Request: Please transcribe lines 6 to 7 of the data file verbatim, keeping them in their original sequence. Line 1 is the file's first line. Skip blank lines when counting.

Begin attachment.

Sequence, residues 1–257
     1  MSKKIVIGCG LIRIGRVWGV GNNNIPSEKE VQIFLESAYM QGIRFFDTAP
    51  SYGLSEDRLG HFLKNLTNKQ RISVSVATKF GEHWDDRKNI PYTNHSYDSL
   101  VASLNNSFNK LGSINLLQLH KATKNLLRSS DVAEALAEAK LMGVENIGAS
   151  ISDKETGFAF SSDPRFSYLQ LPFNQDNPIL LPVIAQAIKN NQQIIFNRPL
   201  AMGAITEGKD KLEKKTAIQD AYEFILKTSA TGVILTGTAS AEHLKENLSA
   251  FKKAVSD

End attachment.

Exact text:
   201  AMGAITEGKD KLEKKTAIQD AYEFILKTSA TGVILTGTAS AEHLKENLSA
   251  FKKAVSD